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Large gas development edges forward in western Wyoming
Natural Gas

Large gas development edges forward in western Wyoming

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Jonah Energy

A drilling rig pictured in September 2014 at a new Jonah Energy well site in the Jonah Field near Pinedale. Jonah Energy has proposed a 3,500-well natural gas project in the Green River Basin.

A huge gas project in western Wyoming drew closer to federal approval Thursday with the release of a final federal environmental analysis; a decision is likely within a month.

The Bureau of Land Management is considering the Normally Pressured Lance natural gas project from Jonah Energy. The firm proposed 3,500 new wells drilled over a ten-year period in the Green River Basin about 30 miles south of Pinedale. The NPL project would generate more than 900 jobs during development and about $1.1 billion in royalty revenue for Wyoming, according to the federal estimates.

The project area is a 140,859 acre patch of land with just 55 wells on it currently, but lies adjacent to Wyoming’s most well know gas fields — Jonah and Pinedale.

The project is one of a few large-scale approaches to development in Wyoming that are being reviewed by the Bureau of Land Management. A Converse County oil and gas project is currently in its draft environmental review period. That would bring 5,000 wells to the Powder River Basin.

In a statement Thursday, Gov. Matt Mead said the conclusion of three large scale environmental analyses in the state was part of his energy strategy.

“Thank you to Secretary Zinke for his help on this project for Wyoming,” the governor said, referencing Interior Secretary Ryan Zinke.

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The Bureau of Land Management released the final environmental impact statement Thursday, which will have a 30-day shelf life until the final decision. Federal officials looked at a number of alternative ways to develop the project, including the proposal brought by industry.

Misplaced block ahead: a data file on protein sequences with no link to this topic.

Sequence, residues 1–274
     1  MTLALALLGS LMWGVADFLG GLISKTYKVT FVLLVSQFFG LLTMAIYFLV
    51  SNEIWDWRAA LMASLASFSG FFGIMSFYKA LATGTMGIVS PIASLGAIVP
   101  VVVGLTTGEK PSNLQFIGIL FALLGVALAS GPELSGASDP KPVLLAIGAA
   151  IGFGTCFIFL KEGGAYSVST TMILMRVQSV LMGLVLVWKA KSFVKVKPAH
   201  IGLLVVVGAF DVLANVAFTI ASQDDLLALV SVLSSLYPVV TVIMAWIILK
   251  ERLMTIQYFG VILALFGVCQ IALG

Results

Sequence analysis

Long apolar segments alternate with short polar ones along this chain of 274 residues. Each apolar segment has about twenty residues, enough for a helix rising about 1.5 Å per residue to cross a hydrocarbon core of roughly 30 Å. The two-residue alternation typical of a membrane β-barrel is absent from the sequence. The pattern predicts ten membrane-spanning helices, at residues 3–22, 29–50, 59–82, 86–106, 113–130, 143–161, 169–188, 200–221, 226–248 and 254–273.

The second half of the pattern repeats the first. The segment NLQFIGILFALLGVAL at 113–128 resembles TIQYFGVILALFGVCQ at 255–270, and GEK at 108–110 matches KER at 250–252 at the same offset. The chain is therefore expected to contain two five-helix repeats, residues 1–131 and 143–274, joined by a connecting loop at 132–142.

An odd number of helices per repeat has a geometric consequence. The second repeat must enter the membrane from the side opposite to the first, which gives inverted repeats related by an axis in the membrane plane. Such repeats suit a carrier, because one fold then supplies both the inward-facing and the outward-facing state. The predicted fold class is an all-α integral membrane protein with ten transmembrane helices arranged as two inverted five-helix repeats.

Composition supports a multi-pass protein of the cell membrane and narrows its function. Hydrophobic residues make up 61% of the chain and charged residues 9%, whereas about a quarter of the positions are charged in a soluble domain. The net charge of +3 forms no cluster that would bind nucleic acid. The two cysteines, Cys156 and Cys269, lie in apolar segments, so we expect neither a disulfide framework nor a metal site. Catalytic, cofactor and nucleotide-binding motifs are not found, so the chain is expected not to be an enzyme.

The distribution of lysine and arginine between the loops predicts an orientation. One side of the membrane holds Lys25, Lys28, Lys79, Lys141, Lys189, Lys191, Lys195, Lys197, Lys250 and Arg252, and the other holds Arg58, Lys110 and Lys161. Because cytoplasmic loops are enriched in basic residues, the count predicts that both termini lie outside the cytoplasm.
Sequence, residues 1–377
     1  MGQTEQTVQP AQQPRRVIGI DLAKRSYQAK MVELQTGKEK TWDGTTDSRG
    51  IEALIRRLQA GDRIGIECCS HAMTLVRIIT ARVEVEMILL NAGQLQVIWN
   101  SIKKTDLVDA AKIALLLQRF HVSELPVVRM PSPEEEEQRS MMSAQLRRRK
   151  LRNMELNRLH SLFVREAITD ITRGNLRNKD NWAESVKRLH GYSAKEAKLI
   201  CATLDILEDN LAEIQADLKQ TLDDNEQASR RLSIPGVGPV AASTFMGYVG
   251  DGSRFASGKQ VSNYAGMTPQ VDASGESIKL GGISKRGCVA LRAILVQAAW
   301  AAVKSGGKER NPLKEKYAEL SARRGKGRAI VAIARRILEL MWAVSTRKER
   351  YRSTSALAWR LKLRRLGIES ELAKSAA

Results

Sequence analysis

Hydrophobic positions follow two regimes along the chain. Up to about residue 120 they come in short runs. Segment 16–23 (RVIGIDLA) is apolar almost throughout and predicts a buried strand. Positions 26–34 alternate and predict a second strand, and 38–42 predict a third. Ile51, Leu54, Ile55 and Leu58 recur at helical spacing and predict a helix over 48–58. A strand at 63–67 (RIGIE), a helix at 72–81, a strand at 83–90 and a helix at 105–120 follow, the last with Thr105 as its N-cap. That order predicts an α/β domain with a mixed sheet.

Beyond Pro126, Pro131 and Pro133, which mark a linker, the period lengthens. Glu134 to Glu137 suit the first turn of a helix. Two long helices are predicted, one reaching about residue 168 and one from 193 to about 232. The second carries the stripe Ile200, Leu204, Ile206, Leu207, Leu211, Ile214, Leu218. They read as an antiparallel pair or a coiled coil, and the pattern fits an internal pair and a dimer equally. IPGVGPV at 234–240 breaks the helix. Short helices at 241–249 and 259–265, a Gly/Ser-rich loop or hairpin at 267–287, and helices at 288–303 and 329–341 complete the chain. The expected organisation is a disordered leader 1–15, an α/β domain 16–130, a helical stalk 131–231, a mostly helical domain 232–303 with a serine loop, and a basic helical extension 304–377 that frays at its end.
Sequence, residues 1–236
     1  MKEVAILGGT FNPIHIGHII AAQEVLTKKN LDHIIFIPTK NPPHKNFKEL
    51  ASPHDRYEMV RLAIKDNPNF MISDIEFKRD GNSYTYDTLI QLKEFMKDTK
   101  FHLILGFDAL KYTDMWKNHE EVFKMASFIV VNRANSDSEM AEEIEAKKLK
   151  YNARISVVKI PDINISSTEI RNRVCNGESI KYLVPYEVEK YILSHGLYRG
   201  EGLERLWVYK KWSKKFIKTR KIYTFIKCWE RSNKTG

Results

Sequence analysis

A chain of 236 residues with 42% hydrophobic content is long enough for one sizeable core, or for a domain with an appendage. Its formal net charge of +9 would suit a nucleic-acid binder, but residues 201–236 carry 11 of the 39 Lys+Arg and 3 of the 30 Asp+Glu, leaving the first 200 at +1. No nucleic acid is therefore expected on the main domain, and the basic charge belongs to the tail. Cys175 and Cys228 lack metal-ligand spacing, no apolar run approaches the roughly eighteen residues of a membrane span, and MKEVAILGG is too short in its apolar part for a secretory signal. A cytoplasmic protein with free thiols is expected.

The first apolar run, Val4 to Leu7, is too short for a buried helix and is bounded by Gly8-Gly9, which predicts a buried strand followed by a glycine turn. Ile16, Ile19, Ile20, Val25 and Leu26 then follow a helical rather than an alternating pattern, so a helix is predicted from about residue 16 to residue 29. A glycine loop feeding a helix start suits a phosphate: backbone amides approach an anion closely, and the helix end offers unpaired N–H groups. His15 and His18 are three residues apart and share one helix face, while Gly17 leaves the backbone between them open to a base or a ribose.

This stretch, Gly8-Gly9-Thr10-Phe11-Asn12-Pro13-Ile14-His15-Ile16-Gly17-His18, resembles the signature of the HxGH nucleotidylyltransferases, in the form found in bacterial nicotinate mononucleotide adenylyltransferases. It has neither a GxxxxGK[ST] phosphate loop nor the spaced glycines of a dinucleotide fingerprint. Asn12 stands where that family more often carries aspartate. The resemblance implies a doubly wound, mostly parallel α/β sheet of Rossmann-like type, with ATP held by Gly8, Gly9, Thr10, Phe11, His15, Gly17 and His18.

Its preferred route, and the likely one in the final decision next month, would extend the lifetime of the project to reduce the rate of activity, but include the same number of wells. It would include 205 miles of new pipeline and roads — which are constructed along the same routes — 39 miles of new powerlines and risks to surface water from potential spills.

Industry’s proposal would withdraw 474 acre-feet of groundwater annually during development, and about 18 acre-feet per year during production years, from the upper Wasatch aquifer. The BLM’s counter to that proposal would decrease development withdrawals by .1 percent, but decrease ongoing production withdrawals by nearly 10 percent.

Under the Bureau of Land management’s alternative, the project would leave long-term disturbance on just over 1 percent of the total project area, or about 1,741 acres of land, from roads to equipment yards.

The small footprint is partly due to advances in horizontal drilling and the practice of placing up to 64 wells on single multi-well pads. The pads themselves are massive, covering up to 18 acres, but reduce the overall impact of the project.

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Of the many effects of the development listed in the final Environmental Impact Statement, sage grouse is one that has instigated a number of concerns. The project encompasses the only winter concentration area known for the Wyoming bird. Sage grouse in large numbers flock to the area during the winter months. Given how little development exists in the area now, the project would significantly increase issues like noise disturbance, truck traffic and reduced habitat.

Those opposed to the development say it is unclear how NPL will affect those numbers.